Alumni Spotlight: Jordyn Myers C'17


Civic House alumna Jordyn Myers (C'17) spoke to Civic House about her experience working as Project Manager with Bread & Roses Community Fund, a non-profit focused on raising money for community-based groups.

Jordyn, who was a Civic Scholar, first became involved with Bread & Roses while interning through Civic House's Community Engagement Internship Program during her senior year at Penn. 

Jordyn later participated in the 2017 Black-led, Black-centered Giving Project, then worked to facilitate other Giving Projects, including the Immigration Justice Project and Gender Justice Project.

Giving Projects are a six-month-long process that coordinate individuals to raise money for local grassroots organizations. Giving Projects are issue-specific. Each Project consists of twenty people, all of whom participate in workshops where they confront their own background and position as a fundraiser.

Giving Projects are also POC-centered. During meetings, participants will caucus on race, holding a separate POC caucus and white caucus. If a decision needs to be made about where funding will go, POC voices are centered and prioritized in the decision-making process. Facilitators emphasize "centering, hearing, and encouraging people of color to communicate their wants, needs, and desires."

For Jordyn, the Black-led, Black-centered Project was an important experience because she experienced a culture shift from her time at Penn.


"It was the first time I was in a space and I felt like, oh, I have permission to come as I am [and] just say what I feel," Jordyn said. "It was one of the first times [I engaged] with older Black people who were like, what you have to say is valid, I will treat you like you have a voice that is impactful and powerful."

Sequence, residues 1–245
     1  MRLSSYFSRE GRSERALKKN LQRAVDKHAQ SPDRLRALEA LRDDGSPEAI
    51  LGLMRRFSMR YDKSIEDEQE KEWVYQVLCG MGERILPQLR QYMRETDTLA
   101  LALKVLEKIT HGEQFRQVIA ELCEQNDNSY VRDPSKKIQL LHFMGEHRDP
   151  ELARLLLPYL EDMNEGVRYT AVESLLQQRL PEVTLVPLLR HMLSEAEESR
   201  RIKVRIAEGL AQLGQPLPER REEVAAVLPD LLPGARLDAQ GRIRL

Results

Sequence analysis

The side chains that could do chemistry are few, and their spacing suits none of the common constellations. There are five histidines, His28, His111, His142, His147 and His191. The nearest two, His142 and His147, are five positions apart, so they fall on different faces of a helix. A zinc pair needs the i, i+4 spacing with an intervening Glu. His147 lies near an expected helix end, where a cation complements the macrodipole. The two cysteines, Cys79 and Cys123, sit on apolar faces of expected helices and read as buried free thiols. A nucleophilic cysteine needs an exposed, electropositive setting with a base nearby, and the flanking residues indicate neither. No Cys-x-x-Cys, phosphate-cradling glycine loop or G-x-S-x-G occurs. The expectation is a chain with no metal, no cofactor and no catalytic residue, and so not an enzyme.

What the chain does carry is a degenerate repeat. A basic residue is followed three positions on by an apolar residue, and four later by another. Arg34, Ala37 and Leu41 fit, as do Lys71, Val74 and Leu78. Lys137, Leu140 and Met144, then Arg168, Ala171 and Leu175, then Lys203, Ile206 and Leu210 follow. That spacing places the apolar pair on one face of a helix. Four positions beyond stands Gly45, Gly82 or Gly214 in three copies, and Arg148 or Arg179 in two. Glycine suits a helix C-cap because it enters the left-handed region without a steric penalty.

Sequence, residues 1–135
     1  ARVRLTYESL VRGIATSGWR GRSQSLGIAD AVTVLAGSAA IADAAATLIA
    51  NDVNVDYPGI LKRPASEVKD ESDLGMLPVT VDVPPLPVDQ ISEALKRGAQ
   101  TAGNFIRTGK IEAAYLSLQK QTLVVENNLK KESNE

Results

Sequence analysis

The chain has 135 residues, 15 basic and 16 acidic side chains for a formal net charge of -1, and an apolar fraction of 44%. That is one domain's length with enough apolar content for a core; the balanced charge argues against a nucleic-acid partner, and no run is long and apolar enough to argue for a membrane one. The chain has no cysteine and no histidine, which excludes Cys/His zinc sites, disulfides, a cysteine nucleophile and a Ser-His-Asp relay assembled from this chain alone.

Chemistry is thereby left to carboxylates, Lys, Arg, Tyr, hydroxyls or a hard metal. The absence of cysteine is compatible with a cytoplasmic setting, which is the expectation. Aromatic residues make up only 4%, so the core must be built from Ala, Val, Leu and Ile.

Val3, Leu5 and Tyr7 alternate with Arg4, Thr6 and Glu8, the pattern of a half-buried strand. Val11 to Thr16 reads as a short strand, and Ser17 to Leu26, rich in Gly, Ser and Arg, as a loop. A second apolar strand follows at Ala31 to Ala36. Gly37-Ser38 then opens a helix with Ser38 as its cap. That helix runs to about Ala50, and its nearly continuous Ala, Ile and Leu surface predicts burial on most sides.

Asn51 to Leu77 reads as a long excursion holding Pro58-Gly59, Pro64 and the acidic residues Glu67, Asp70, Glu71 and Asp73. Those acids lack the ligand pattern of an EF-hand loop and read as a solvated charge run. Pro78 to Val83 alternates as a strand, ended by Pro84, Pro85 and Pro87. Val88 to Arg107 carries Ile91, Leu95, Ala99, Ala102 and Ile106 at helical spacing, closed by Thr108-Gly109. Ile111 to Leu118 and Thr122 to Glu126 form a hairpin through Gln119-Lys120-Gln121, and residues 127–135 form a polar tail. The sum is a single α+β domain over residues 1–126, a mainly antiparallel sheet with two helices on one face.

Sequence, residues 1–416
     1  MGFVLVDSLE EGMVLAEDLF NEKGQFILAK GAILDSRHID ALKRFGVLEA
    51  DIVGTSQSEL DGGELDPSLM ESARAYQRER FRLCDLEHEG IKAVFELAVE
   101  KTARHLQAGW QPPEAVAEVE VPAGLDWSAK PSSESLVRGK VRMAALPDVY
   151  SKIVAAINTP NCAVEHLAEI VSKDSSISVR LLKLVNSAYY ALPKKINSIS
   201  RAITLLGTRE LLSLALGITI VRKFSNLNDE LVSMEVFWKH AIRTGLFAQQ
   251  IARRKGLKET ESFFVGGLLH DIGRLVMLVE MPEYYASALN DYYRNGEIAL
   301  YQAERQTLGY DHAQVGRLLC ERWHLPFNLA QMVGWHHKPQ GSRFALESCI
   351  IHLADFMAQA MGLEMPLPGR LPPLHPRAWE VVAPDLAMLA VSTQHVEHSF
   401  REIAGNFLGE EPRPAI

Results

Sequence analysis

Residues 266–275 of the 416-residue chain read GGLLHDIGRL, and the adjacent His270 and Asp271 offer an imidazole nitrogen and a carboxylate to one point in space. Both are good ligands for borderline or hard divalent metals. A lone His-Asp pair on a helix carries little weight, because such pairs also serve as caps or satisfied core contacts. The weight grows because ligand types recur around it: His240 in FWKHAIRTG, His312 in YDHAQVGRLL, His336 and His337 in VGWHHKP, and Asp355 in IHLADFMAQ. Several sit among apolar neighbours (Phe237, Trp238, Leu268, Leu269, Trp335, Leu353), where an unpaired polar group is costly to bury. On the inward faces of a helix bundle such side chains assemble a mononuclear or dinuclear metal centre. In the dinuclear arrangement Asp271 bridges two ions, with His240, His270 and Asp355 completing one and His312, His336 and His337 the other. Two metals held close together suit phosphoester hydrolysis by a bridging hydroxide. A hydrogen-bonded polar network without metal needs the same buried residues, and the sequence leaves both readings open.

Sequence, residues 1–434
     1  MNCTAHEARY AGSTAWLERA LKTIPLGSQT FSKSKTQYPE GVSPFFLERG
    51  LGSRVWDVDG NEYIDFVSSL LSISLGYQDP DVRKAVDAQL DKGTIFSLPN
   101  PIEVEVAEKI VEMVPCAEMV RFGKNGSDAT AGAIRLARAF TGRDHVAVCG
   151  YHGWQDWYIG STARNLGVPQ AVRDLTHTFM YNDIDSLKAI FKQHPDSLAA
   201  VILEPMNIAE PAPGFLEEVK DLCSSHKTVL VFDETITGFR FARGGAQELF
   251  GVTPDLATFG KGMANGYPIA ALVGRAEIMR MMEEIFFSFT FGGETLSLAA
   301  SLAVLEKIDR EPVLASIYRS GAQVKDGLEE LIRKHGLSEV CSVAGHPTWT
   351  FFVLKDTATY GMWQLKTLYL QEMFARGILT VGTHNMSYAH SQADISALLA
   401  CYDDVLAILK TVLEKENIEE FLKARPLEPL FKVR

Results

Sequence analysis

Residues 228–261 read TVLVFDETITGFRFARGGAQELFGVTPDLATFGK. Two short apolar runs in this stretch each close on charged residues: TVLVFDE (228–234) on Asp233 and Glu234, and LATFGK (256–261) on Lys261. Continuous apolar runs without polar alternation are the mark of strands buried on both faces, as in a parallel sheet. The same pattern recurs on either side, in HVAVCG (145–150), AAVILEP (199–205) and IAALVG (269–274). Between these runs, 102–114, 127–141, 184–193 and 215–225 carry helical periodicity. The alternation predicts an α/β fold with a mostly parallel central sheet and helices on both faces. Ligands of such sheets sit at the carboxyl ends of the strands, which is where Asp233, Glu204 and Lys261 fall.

At the end of this Giving Project, members had raised $130,000 in grants for 13 grassroots groups.

As a fundraiser for grassroots organizations, Bread & Roses attempts to interrogate its position in a wider culture of philanthropy. Often, non-profits who raise and distribute money serve as a gatekeeper, determining which groups are deserving of funding based on whether or not groups' goals align with the non profits values. As a result, groups whose mission might go against traditional values do not receive funding.

Bread & Roses aims to provide more than just monetary support for grassroots organizations. Rather than keeping organizations reliant on funding from Bread & Roses each year, Bread & Roses wants to offer assistance so organizations build the skills to fundraise from their own communities.

"We want you to call and get technical assistance, so that you actually learn how to fundraise your community, to where you're being supported by your neighbors, you're being supported by your people," Jordyn said.

There is value in approaching fundraising from a community-perspective, Jordyn explains. Communities who have been historically drained of resources, like Black and brown communities, are often disregarded in fundraising, but they still have support to offer.


"We're still very much a part of philanthropy, we're still very much part of that gatekeeping system," Jordyn said. "But I do think that we're thinking about it differently and trying to change the institution that we're part of as a whole."

Prior to her work as a facilitator with Bread & Roses, Jordyn led workshops at Civic House for incoming students through PennCORP. While at Civic House, Jordyn learned the importance of taking a step back.

"[Civic House] shook me out of that way of engaging where I was like, I have to give as much of myself as I can," Jordyn said.


Jordyn values her time in the Giving Projects because she views the Projects as a space for healing and community building. While facilitating the Immigration Justice Giving Project, Jordyn explored how to work as an ally for people of other marginalized identities, and how people of color can validate each other when they work together.

For students who are about to graduate, Jordyn offers the following: find space to heal.

"Find it, create it, build it, long for it, look for it. Move towards spaces where you can heal," Jordyn said.